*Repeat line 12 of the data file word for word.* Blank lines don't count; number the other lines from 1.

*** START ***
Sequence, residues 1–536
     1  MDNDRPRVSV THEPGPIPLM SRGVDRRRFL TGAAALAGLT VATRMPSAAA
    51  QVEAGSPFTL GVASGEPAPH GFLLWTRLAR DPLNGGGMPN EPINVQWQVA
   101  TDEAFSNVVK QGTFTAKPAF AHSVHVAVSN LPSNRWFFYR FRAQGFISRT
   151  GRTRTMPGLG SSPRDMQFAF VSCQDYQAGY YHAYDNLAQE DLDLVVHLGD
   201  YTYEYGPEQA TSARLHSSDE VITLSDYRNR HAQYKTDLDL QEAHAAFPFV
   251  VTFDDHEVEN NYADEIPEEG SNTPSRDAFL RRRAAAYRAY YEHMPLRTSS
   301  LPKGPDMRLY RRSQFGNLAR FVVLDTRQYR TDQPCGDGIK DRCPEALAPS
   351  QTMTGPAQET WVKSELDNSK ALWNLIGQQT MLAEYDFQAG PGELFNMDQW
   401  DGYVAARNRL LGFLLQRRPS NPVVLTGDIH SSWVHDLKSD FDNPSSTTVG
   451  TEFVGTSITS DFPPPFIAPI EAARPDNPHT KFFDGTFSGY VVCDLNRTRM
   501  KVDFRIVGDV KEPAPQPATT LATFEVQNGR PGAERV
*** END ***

   501  KVDFRIVGDV KEPAPQPATT LATFEVQNGR PGAERV